Taking a couple of classes during the summer can make a big difference in your future and save thousands on college. It could mean that you can take a class or two less during the year. But two or three summers of classes could mean graduating a semester early. This can be a huge advantage in the job market because you enter it when fewer graduates are competing for positions. Companies don’t just hire in June. They hire when they need people.  Summer school and early graduation can give you an advantage.

If you use summer school to graduate early, it also means one less semester of room and board to pay for.  That one semester of savings makes a huge difference to the total cost of education.

4) Take Night Classes

This option might be a drag for some. I know first hand. I worked full-time and attended law school at night. It is not something that everyone can manage, but it does save a lot of money. It also gives you a leg up on your competition for jobs because you’ll have more experience. Plus, when an interviewer learns that you went to school at night while working, they are often more willing to forgive blemishes on your transcript.  Interviewers will also admire the work ethic you displayed to work your way through school.

5) Go to a Public School

College isn’t cheap. A public school can cost you a lot of money and lead to a large student loan debt. But the place you can really get into trouble is funding a private school education on student loans. It is easy to say this is my “dream school” and I must attend. While I understand this point of view, I don’t subscribe to it. College is an amazing time in your life regardless of where you go. The experience is what you make of it. If you think that you will only be happy at your dream school, you are going about things wrong.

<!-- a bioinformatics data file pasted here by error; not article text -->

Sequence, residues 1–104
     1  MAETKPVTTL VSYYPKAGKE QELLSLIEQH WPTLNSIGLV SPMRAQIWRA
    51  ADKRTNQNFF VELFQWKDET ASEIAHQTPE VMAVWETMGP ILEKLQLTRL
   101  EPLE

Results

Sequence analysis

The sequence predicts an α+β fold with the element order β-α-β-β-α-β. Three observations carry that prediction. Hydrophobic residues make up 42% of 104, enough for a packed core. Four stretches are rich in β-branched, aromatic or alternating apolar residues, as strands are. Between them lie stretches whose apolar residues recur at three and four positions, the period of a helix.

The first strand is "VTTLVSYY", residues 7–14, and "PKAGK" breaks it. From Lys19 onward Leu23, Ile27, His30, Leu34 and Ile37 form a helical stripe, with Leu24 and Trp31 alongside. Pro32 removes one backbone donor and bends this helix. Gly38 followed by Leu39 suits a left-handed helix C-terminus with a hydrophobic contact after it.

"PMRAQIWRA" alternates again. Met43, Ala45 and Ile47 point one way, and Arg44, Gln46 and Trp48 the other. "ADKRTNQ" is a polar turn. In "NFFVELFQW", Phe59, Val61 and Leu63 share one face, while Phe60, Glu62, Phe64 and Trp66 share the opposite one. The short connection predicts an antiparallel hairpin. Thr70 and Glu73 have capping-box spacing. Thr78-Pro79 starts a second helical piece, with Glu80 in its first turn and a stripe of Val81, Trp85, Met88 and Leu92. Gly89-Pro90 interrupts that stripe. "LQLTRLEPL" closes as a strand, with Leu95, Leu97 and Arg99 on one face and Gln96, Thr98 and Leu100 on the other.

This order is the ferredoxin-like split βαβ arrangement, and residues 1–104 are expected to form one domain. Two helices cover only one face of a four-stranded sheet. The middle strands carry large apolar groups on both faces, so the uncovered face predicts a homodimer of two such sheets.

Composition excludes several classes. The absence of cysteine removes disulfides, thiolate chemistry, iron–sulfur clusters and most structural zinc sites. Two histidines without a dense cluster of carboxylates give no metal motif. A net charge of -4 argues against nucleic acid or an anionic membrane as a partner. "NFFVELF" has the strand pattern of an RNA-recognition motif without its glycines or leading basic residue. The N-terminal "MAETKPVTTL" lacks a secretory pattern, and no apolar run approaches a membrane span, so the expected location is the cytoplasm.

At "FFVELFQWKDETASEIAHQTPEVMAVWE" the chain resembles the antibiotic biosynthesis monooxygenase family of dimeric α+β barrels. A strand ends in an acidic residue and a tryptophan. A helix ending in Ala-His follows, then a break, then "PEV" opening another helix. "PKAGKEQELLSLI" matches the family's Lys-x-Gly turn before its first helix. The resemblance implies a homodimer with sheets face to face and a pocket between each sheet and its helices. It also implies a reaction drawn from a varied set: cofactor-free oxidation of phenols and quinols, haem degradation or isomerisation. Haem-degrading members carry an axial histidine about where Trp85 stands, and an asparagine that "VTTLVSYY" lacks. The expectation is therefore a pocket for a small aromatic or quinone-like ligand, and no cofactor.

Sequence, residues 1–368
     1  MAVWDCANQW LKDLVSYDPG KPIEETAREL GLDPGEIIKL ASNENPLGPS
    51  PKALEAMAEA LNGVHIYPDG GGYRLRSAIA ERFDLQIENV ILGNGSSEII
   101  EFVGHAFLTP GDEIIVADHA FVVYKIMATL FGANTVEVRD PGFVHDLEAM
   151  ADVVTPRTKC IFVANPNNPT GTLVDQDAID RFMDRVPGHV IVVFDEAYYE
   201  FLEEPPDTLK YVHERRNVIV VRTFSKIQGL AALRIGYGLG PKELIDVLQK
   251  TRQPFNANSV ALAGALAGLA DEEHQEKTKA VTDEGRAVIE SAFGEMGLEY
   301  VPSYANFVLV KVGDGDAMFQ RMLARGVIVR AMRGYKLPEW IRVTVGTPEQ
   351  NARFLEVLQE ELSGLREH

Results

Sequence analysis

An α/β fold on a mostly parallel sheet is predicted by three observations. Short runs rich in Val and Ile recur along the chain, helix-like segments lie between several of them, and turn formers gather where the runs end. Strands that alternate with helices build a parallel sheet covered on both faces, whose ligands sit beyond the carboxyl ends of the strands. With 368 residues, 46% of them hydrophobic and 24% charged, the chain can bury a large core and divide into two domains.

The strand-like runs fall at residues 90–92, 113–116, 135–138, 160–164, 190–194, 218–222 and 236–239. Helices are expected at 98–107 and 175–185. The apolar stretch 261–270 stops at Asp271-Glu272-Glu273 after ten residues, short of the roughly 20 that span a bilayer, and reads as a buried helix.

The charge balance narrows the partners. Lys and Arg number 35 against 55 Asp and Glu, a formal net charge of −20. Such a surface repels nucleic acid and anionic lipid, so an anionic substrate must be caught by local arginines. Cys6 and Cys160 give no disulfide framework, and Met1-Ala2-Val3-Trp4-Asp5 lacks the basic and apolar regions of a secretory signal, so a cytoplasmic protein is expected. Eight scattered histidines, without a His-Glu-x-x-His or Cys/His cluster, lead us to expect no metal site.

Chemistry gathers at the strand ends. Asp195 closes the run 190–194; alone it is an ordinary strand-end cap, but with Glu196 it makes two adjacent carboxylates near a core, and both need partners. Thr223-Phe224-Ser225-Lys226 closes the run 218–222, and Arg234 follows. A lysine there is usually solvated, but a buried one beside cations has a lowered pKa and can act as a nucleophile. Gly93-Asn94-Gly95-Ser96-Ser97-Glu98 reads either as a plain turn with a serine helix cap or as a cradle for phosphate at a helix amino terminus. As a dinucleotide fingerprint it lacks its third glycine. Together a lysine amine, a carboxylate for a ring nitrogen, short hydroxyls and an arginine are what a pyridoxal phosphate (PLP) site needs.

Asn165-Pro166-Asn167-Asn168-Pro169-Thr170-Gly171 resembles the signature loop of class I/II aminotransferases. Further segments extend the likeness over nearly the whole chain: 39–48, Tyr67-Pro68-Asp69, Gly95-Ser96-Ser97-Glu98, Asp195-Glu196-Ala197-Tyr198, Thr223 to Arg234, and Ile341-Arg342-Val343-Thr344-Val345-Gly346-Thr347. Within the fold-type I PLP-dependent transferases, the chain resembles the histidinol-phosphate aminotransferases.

Another argument some make for why you should attend private schools is having the fancy name on your diploma. Again, I understand why this is important. However, many things are more important than the difference between a private school vs. a public school on your diploma.  They include:

  • Who you know
  • What you know
  • Your networking abilities
  • Luck
  • What you studied
  • Your work experience
  • How well you interview

This list is by no means exhaustive, but it illustrates a point. If you have a school asking you to spend several thousand more a year to attend, ask yourself whether it’s worth the extra money.

Final Tip: Be Smart!

College is expensive, and there are many ways to get yourself into debt. These options may not be ideal or your dream experience, but they can save you thousands on college.  Getting an education that you can afford is far better than realizing you can’t afford the education you just bought.